What is KISS Principle ? Okay it stands for Keep it Simple and Stupid but what does really it mean in networking ? Can we really make things simpler ?. Probably yes but should we ? Let’s remember What Einstein said about simplicity.   ” Everything should be made as simple as possible, but no simpler ”   It is very long debate what really Einstein was trying to say and unfortunately since He is dead, we can’t ask himself but at least let’s try to understand.   If ‘A represents a process, and ‘A***’ represents the simplest possible version of ‘A’, then one should work towards finding ‘A***’, and not towards an intermediate version ‘A**’ or ‘A*. From this example, as you can understand, most possible simplicity is recommended by Einstein. How we can adapt Einstein’s simplicity principle to networking ? Let’s think about routing protocols.In a small OSPF network, imagine you have 1 datacenter and 20 branch offices. And totally you have 22 routers, 2 in DC and 1 in each branch office.   Let me give you design options.   1. You can deploy in datacenter and each and every branch , different OSPF processes, and you deal with the redistribution because you use different OSPF processes in different places of network 2. You can place datacenter in OSPF Backbone area and each and every branch in separate Area, you deal with multiple areas, 21 different OSPF area in this case 3. You can place datacenter in OSPF Backbone area and all branches in same non-backbone area. You have totally two OSPF areas and 2 ABRs. 4. You can place datacenter and all the branch offices in a backbone area. No multiple OSPF area , No ABR   First option is most complex and it is unnecessarily complex. Second option is less complex than third one and fourth option is the least complex. In other word, fourth option is simplest option.   Of course, complexity is necessary in some cases to solve particular problem as I explained in my ‘Network Complexity’ article, for the above requirements (1 DC , 20 branches, 22 routers), it is best to place all routers in one backbone area.   KISS Principle recommend the same what Einstein is recommending with his quote and goes beyond.   Keep it simple part of the KISS principle has the same meaning with Einstein’s quote.   Stupid part comes from the idea of having dump core devices and smart edge devices.   In fact, I wrote an article on the subject and highlighted that ‘Edge devices are the brain of the network’   Remember in three layer architecture , access , aggregation and core. What was the job of each layer ? Access layer is used for user/device termination , policy enforcement , trust boundary, filtering and so on. Aggregation layer is used speed multiplexing , providing scalability for overall network by preventing excess amount of connection. Core layer is used to pass traffic between each and every point in the network , as fast as possible, if it is possible, without any policy enforcement.Of course, bigger size of networks (MNOs for example) use 4 even 5 layers as of 2017 but it doesn’t change the role of core/backbone layer.   Stupid part of KISS principle actually mean, keeping the intelligent functions away from core/backbone of the networks. As an example, in MPLS network, Core devices only swap the label, but edge devices runs MP-BGP, VRFs, layer 2protocols or Routing with the customers, QoS and security functions and so on.   What I see in the networking field, what most people do, is to read, watch materials on the topic , just modify it a little but and publish it as their own. Later on, after couple years another people research the same topic and repeat the same.   This goes on. But instead, if people think multiple steps ahead and design the things in the simple way possible, so no more modifications can be possible by anyone else in the future.   Keep it simple and Stupid is very important and you should remember this principle , Einstein, Stupid Core Networks and Orhan Ergun whenever you design any communication network.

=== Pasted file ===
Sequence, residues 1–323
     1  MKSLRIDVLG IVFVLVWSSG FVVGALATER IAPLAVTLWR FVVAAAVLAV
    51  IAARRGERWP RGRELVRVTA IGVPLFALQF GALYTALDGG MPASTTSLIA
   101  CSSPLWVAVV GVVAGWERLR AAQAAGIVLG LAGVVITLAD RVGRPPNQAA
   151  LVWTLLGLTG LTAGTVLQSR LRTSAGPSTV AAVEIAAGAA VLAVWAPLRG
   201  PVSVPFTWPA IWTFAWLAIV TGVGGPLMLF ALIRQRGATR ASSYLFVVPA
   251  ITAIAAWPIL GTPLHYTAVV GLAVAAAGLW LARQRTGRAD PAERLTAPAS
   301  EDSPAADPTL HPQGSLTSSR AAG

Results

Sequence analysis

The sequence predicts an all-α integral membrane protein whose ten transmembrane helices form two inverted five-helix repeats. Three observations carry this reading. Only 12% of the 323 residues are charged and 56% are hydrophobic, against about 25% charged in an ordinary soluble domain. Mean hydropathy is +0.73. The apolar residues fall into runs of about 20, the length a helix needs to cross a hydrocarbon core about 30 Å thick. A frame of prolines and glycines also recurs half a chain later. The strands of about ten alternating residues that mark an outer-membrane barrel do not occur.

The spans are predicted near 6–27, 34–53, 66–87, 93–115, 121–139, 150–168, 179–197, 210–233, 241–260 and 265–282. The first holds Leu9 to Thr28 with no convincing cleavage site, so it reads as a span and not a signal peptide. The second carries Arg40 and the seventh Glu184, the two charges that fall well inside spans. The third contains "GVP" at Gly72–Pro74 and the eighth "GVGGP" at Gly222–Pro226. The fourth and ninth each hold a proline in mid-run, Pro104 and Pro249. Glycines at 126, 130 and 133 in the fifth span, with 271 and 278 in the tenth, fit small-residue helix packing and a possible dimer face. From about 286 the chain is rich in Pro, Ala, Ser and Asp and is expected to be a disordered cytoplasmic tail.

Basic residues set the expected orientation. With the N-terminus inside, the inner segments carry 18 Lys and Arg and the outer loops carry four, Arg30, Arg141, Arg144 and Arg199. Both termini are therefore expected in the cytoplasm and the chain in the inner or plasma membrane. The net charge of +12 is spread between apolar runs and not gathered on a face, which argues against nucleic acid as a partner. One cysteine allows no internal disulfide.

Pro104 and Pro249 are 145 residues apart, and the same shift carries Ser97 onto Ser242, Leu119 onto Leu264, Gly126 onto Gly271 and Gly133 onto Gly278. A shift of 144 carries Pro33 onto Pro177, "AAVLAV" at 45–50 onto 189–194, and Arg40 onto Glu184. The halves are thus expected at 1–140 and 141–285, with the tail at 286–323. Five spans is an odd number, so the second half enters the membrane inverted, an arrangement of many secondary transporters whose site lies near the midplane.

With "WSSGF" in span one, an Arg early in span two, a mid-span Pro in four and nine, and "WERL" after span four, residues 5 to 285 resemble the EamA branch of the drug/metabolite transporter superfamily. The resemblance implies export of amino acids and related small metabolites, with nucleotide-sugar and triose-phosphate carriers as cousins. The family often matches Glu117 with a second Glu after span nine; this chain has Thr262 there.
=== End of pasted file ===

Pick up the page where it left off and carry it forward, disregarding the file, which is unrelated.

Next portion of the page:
Published - Wed, 16 Feb 2022

Created by - Orhan Ergun

ABR vs ASBR in OSPF

ABR vs ASBR in OSPF. If you are new to Network Engineering and you are learning Dynamic Routing Protocol from scratch, you want to understand the differences between ABR vs ASBR and if there are similarities you would like to learn those too. In this post, we will learn both similarities and differences. Let's first understand both of these terms. ABR is purely an OSPF terminology, but ASBR is not. In fact, the detailed post about ASBR and the usage of ASBR in Different Places of Networking is explained in our What is ASBR Blog post. ABR - Area Border Router is a device which is connecting two different OSPF Areas. One of those OSPF areas has to be Area 0, which is also known as Backbone Area.   In the above topology, R3 is an ABR, connecting Area 0 and Area 1, R4 is an ABR as well, connecting Area 0 and Area 2. R1 is referred to as Internal Backbone Roter as it doesn't have any other connection than Area 0, Backbone Area. In this topology, there is also an ASBR - Autonomous System Boundary Router. It is called ASBR because on that router external prefixes are injected into the Internal network. Can ABR be used as an ASBR?   On the above topology, as I indicated above, R3 and R4 are the ABR routers. Can we use ABR as an ASBR?. So, can we inject prefixes from the outside networks to our Internal network? Yes, we can. We can inject (Redistribute) prefixes on R3 and R4, ABR Routers to the Internal Network. Thus, similarity point of view, ABR and ASBR functions can be on the same device. The difference is, when you hear the ASBR term, that is a device you inject prefixes from other networks to your network and. ABR is a device that is connecting two Internal OSPF Areas. Hope it is very clear now.

Published - Mon, 14 Feb 2022